US Cyber Gross Written Premiums ()

The premiums reported by the NAIC supplement in 2019 amount to $2.26 bn, with standalone amounting to $1.11 bn and package deals amounting to $0.92 bn.  In addition to the current data, the following table provides an overview of older reports, where projections are marked by an asterisk * and (NAIC) marks sources that are based on NAIC filings, which, as discussed above, only give a partial picture of the total US premiums. The actual total US cyber insurance premiums are likely higher, somewhere around $3 to $4 bn in 2019. For a closer examination of the performance of the US Market, see the box below.

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Besides the written premiums, the 192 US insurance carriers that filed the NAIC Cyber Supplement in 2019 additionally provided various KPIs on the overall performance of their cyber line of business. Based on the NAIC filings, AON (The three most recent reports are , , and ) tracks the combined ratio, which is the most important indicator for the profitability of the core underwriting business of any insurance carrier or one of its lines of business, for the US cyber market since 2017. The combined ratio is the sum of the loss ratio, which are the costs by handling claims and defending the insured party against unjustified claims from third parties and the expense ratio, which measures the administrative and other operating expenses, such as fees for brokers, incurred during the sales and underwriting process. All three ratios are calculated as a percentage of the gross written premiums written, with lower ratios resulting in a better overall result. A combined ratio of 0.8, for example, means that for every dollar of written premiums 80 cent were incurred in costs to the respective portfolio, resulting in a net profit of 20%.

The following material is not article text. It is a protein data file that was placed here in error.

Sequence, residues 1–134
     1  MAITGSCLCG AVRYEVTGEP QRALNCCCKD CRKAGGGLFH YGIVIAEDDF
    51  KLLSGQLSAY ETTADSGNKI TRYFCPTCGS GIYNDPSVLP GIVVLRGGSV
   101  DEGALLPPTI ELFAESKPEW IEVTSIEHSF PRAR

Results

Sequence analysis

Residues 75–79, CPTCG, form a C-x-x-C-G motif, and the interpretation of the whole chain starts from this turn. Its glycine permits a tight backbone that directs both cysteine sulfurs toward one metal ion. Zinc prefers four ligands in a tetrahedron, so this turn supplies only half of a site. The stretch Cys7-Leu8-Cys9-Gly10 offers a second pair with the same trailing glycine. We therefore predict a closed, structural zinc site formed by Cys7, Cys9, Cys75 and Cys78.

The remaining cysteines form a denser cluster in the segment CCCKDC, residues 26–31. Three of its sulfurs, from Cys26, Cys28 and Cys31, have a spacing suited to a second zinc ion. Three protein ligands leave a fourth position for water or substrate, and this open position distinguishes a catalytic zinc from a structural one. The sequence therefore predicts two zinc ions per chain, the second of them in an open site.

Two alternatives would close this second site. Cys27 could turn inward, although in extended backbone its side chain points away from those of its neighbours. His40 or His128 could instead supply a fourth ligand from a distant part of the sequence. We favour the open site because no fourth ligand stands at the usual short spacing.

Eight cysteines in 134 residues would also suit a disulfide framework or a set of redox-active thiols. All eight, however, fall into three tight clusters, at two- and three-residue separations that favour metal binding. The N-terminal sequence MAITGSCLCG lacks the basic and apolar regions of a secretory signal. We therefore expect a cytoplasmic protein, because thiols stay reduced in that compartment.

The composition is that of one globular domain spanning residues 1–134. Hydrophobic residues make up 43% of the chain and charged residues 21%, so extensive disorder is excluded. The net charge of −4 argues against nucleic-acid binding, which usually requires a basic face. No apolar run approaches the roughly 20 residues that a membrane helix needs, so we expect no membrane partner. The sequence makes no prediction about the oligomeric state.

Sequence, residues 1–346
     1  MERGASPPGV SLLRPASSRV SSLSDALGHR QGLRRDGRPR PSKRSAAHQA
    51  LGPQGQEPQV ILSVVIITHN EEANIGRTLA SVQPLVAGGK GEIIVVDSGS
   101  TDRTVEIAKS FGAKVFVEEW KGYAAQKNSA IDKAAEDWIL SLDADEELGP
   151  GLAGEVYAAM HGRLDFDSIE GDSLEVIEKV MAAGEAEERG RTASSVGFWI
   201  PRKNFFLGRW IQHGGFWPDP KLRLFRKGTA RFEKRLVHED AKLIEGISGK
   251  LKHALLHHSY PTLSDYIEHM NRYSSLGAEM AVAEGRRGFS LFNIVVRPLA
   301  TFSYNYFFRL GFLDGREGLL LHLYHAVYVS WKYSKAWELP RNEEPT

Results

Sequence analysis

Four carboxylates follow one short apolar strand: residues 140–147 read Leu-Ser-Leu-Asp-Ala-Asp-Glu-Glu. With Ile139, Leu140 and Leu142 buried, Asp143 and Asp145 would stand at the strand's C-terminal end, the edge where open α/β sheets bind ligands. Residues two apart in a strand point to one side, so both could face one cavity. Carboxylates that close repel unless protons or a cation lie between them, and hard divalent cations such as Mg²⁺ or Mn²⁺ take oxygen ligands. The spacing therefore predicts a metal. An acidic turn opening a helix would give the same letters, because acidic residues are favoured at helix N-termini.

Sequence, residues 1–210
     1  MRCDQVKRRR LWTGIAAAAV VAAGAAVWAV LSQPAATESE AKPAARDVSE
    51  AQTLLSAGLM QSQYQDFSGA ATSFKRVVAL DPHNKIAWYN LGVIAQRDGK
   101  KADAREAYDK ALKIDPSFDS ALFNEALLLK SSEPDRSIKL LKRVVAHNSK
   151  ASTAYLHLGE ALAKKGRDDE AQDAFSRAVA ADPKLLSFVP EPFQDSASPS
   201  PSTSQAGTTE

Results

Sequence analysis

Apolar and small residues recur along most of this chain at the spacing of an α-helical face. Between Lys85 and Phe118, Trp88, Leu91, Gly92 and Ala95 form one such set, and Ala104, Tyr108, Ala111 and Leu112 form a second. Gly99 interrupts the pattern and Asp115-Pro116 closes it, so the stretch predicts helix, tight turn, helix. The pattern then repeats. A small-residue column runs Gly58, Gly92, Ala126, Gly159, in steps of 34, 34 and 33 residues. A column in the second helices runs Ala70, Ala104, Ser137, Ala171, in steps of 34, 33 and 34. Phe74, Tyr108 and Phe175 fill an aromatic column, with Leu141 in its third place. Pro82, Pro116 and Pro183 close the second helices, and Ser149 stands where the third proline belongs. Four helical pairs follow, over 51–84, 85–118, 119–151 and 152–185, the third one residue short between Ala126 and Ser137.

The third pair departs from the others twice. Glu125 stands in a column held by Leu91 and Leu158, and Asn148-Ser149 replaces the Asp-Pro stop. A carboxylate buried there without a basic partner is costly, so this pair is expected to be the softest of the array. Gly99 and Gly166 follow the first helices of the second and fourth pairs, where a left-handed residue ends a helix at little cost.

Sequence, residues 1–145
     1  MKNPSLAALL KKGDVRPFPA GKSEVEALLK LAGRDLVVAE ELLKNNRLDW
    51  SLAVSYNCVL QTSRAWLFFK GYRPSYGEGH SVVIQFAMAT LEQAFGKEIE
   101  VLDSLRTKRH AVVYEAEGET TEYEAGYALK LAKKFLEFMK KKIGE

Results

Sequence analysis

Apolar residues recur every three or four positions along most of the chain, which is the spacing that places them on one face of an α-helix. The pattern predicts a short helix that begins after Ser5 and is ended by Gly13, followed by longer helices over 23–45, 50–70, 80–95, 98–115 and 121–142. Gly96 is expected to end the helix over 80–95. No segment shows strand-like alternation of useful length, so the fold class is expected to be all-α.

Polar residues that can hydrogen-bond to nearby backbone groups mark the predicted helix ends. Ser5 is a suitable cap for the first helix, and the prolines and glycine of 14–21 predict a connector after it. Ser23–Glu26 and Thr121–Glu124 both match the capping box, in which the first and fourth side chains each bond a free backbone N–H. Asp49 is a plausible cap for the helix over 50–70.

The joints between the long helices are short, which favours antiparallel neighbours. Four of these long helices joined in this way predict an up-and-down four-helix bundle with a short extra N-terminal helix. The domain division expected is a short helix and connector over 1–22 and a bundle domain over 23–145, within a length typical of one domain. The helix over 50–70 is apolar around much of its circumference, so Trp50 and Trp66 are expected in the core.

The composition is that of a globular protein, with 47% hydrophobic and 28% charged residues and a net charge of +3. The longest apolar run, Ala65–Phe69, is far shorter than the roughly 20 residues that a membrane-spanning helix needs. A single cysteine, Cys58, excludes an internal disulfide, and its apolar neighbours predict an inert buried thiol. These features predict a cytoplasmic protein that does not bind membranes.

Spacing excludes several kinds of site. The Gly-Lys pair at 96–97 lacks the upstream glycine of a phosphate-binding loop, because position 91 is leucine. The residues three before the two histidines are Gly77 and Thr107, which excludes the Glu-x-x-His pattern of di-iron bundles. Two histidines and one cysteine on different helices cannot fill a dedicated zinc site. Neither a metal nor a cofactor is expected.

US Cyber Combined Ratios ()

While the loss ratio fluctuated between 0.32 and almost 0.44 (see the box below for more detailed analysis of the claims side), the expense ratio from 2017 to 2019 stayed almost constant between 29 to 30%. The least profitable in the reported year 2019 despite the general trend of escalating loss ratios are of course worrying, because cyber was an especially lucrative line of business for US insurers. Even with a combined ratio of 74.5 in 2019, a profit of 25.5% of GWP, cyber was still heavily outperforming the overall property and casualty (P&C) US insurance market, According to , had an overall combined ratio of 0.99 in 2018, indicating a meager profit of 1% of premiums taken in. Seeing these numbers, it is easy to understand why insurers are so eager to enter the cyber market and why competition is so fierce: It is a highly profitable line of business in a fast-growing market.

In terms of market concentration, gives excellent insights into the current US cyber insurance market and we advise any interested party to read it in its entirety. The Top 5 cyber insurers in the US, Chubb, Axa, AIG, Travelers Group, and Beazley had in 2018 a market share of 52%, writing 62% of direct policies and 34% of package cyber policies. The report also reveals the different strategic approaches of the insurance carriers. While the Hartford Insurance Group, for example,  has with 510,000 Policies which is by far the most cyber policies in force (2nd: Liberty Mutual Insurance Group with 210k), it ranks with direct written premiums of $43.6 Mil only as 13th in terms of premium volume. The low average premium of $85.5 of the Hartford Insurance Group is due to it underwriting predominantly (91.9%) package deals. AXA and AIG on the other hand, the number two and three in terms of market share after portfolio size, write 99.9% of their reported premiums in standalone policies, which leads to significantly higher average premiums. In total, there were more than 2.9 Mil reported cyber policies in the US in force at beginning of 2019, a number which has steeply risen in the last two years (2017: 2,08 Mil, 2018: 2,58 Mil). The market penetration of cyber is apparently accelerating and it is likely that the competition between insurance carriers will further increase along with it.